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The National Surface Transportation Infrastructure Financing Commission released a much-anticipated “road map” this morning to help guide Congress as it looks to reauthorize the country’s surface transportation system — a system in crisis, according to the report, in part because Congressional funding mechanisms for new roads and transit systems are widely viewed as inadequate.

“The stakes are too high and the hole we have dug for ourselves is too big to wait for a new revenue system to be put in place,” the report states.

A portion of the answer may lie in prospective legislation dealing with climate change. Among the federal revenue options deemed “strong” by the Commission: the prospect of partially funding transportation through a carbon tax or cap and trade system, which would raise hundreds of billions of dollars per year from the auction of carbon emissions permits. A new report by the Center explores what climate change legislation might mean for public transportation agencies faced with shortfalls.

The Commission estimates that carbon taxes or a cap and trade system “would yield gross revenues of nearly $46-92 billion per year” from the transportation sector, though that number would likely drop over time due to many factors, like improved auto mileage. The transportation sector accounts for roughly 28 percent of U.S. greenhouse gas emissions, much of it from automobiles. The commission noted that the number of miles traveled by cars nearly doubled over the past quarter century.

But the transportation sector might also receive carbon-related tax proceeds allocated by the government, though assessing how much, the report said, would be “difficult.”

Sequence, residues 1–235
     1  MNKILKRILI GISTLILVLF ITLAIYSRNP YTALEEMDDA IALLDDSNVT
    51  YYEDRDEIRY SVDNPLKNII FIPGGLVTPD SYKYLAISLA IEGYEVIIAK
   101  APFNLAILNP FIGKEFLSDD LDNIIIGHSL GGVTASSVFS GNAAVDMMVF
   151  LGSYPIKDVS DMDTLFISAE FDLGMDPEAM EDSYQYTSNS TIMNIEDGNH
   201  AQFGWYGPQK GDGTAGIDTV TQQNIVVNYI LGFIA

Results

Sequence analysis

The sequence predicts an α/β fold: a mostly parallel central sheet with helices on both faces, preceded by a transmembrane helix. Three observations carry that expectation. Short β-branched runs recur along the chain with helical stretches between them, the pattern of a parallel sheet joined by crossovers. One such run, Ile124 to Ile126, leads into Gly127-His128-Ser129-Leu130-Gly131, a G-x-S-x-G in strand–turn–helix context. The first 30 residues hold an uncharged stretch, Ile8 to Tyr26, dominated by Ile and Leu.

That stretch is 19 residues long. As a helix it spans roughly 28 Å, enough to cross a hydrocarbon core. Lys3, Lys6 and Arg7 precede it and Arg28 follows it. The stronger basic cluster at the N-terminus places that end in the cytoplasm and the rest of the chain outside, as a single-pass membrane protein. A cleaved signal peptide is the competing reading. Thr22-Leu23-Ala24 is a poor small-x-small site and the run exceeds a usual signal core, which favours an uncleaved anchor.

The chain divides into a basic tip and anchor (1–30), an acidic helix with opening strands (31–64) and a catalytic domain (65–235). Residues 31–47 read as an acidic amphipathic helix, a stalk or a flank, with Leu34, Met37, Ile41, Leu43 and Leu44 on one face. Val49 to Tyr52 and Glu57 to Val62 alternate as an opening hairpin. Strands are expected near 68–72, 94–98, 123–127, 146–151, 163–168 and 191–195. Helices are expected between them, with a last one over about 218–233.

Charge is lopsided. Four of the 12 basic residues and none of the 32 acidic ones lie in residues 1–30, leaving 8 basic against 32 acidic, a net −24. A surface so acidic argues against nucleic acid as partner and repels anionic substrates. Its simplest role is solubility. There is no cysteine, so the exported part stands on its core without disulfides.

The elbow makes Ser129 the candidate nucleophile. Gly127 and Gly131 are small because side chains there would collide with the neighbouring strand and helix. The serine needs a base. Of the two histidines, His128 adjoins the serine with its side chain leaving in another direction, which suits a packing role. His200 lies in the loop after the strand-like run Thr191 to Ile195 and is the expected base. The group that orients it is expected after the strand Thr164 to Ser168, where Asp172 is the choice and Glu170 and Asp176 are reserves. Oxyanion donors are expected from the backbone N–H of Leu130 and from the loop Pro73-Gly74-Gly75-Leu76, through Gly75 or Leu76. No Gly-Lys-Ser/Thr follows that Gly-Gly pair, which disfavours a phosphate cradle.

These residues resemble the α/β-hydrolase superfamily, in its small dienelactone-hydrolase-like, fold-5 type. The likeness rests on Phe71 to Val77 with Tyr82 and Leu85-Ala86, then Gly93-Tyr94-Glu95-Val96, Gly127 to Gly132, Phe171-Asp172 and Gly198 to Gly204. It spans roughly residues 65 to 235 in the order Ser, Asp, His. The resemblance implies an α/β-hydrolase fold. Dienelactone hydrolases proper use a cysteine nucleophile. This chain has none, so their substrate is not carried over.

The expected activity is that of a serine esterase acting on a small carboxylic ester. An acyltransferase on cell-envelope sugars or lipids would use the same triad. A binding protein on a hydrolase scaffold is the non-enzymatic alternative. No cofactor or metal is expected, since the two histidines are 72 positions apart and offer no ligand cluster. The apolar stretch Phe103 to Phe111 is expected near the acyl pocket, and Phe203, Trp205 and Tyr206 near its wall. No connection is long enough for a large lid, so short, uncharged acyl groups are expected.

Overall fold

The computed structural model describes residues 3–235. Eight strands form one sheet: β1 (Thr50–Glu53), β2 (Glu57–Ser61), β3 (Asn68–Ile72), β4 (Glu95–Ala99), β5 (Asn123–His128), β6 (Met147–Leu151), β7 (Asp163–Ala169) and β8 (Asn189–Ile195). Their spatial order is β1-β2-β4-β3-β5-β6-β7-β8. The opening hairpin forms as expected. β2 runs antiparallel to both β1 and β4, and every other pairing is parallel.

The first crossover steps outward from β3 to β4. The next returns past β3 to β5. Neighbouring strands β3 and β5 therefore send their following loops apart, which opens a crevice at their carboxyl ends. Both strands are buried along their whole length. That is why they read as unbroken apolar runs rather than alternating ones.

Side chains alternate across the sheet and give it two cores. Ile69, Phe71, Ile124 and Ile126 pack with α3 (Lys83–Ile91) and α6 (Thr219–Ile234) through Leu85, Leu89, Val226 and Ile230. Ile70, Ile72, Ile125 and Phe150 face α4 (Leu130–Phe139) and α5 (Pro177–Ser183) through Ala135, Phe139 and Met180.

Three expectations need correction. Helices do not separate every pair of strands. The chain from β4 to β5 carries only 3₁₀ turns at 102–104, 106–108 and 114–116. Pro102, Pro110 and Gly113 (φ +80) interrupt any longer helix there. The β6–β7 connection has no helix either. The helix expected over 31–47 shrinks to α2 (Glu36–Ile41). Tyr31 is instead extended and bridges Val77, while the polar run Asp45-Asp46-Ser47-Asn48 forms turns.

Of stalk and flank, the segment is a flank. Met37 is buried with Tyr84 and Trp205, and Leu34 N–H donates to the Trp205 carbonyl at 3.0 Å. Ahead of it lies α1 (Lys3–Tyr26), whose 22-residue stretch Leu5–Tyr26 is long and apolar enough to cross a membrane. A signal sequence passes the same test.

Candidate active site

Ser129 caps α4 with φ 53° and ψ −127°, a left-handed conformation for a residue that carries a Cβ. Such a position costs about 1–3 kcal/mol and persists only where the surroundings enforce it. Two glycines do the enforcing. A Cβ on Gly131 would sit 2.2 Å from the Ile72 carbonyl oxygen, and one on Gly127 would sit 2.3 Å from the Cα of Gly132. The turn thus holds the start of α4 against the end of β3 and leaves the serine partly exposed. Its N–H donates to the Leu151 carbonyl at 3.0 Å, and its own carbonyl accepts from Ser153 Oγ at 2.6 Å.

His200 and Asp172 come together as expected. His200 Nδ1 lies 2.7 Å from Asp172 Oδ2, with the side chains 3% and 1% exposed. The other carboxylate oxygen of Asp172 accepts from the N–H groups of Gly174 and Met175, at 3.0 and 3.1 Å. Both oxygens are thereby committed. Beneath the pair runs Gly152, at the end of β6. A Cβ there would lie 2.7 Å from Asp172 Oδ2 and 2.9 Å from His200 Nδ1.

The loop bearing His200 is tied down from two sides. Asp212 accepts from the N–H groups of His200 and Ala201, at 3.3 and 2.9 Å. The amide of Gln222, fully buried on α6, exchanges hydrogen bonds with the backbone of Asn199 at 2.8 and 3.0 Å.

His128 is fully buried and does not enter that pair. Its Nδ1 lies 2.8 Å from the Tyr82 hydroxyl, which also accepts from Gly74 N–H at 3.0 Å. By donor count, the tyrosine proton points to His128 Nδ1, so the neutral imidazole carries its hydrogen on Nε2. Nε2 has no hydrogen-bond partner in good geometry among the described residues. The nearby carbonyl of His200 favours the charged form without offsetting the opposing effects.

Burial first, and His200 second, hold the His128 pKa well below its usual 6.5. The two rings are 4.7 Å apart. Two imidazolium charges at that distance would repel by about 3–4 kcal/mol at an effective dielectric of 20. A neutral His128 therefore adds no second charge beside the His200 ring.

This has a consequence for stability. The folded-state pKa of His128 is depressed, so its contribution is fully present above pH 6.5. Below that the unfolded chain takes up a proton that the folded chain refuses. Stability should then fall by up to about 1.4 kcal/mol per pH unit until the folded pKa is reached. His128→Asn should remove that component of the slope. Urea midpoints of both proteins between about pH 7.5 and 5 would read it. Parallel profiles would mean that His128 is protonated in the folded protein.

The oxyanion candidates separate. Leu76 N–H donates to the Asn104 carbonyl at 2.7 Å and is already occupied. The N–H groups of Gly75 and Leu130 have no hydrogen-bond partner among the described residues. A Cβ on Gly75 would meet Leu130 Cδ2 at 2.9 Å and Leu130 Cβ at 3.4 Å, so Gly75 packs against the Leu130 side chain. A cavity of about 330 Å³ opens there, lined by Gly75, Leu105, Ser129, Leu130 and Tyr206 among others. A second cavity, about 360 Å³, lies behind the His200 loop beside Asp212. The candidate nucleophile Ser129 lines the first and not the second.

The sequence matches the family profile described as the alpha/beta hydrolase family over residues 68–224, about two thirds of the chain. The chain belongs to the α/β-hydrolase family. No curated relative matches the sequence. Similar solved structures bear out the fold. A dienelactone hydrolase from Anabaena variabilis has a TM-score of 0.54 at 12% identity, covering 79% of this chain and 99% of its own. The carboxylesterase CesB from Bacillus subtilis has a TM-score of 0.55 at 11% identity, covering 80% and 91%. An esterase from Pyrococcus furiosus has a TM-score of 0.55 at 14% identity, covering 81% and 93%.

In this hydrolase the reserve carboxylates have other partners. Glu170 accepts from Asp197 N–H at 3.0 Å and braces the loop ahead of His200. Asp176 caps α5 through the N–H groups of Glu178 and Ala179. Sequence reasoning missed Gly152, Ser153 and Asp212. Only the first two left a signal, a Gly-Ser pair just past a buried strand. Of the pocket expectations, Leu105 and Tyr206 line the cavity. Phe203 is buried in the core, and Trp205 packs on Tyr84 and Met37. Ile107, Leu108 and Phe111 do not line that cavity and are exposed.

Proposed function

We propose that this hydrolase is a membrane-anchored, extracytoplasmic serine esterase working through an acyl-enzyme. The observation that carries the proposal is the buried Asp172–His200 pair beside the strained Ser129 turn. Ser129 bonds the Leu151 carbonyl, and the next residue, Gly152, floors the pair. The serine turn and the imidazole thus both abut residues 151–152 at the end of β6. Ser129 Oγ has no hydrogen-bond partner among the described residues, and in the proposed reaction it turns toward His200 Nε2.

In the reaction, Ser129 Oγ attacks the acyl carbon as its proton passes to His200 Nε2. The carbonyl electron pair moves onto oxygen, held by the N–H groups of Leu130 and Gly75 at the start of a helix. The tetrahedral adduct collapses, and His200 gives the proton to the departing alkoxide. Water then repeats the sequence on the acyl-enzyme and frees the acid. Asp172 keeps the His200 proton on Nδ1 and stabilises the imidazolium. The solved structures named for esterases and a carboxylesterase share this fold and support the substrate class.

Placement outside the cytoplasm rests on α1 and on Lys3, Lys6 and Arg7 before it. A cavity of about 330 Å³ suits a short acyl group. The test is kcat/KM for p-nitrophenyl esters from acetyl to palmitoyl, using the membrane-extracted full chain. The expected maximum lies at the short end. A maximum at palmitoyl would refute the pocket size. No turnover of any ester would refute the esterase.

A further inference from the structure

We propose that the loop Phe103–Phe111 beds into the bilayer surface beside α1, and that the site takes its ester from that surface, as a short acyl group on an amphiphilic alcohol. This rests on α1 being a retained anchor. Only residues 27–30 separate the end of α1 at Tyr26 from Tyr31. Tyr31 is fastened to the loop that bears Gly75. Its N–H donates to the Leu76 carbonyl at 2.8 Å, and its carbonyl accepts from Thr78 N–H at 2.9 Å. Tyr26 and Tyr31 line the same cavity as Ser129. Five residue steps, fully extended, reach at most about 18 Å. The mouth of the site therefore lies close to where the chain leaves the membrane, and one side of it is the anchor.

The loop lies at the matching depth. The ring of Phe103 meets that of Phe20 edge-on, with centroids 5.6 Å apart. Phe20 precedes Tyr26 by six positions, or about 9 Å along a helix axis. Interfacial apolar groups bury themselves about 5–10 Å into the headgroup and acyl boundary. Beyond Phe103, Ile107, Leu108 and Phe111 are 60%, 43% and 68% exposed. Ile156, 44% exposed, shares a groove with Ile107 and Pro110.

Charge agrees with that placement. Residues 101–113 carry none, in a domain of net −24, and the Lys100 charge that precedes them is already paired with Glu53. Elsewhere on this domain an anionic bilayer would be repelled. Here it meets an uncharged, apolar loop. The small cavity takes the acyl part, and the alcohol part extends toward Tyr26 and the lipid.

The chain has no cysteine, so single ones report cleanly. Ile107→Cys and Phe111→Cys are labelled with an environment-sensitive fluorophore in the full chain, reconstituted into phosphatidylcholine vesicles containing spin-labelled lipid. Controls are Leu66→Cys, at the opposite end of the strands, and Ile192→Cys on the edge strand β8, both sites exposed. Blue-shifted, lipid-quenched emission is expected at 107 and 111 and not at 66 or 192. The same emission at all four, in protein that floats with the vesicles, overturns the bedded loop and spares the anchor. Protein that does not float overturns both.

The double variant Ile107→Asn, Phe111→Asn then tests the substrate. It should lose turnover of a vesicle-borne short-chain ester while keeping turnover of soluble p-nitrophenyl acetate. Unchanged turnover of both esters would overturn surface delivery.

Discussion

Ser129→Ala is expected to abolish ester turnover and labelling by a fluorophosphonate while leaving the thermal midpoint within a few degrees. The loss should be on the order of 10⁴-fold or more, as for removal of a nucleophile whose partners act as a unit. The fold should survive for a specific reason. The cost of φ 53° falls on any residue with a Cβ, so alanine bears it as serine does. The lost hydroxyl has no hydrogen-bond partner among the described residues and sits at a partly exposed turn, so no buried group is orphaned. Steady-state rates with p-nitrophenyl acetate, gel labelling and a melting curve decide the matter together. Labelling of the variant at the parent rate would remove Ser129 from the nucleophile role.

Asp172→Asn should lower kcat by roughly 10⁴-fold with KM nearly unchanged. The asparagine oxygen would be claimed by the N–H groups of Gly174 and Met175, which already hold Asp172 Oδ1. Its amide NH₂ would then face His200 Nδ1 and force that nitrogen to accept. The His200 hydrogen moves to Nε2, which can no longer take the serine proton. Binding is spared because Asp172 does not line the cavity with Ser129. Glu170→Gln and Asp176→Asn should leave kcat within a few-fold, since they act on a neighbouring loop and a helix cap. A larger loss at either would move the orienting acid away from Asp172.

The American Public Transportation Association, along with a number of other groups allied in new coalitions focused on transit and rail funding, like Transportation for America and OneRail, will be looking for more of those revenues to be dedicated to projects that reduce emissions, like, say, mass transit.

“I think we really are seeing a sea change here,” said Paul Dean, director of government relations at APTA.

But there’s still political spadework to be done. While the commission rated carbon taxes as an “excellent” source of revenue potential for transportation, it deemed the “public acceptance/political viability” of the option as “fair.”

A bigger obstacle may simply be priorities. In his $3.6 trillion budget proposal, President Obama has proposed a cap-and-trade program for greenhouse gas emissions, which he hopes would bring in $646 billion in revenue over ten years — but the budget calls for less than a quarter of that revenue to pay for “clean energy technologies.” The rest of the revenue would go to lower- and middle-class tax relief.

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